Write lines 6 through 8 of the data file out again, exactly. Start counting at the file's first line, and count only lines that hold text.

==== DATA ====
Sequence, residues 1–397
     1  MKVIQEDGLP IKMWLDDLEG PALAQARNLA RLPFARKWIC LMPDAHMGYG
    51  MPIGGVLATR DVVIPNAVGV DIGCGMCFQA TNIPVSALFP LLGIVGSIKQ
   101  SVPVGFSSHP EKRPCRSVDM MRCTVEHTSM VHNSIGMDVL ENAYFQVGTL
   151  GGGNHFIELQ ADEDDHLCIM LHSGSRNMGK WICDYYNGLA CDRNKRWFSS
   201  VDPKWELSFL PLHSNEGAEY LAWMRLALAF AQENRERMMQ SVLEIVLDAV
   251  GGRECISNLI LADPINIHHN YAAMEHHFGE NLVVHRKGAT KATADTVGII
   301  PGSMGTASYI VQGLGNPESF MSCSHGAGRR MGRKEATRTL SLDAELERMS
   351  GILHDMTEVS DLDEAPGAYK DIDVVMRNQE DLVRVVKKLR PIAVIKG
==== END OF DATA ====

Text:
   201  VDPKWELSFL PLHSNEGAEY LAWMRLALAF AQENRERMMQ SVLEIVLDAV
   251  GGRECISNLI LADPINIHHN YAAMEHHFGE NLVVHRKGAT KATADTVGII
   301  PGSMGTASYI VQGLGNPESF MSCSHGAGRR MGRKEATRTL SLDAELERMS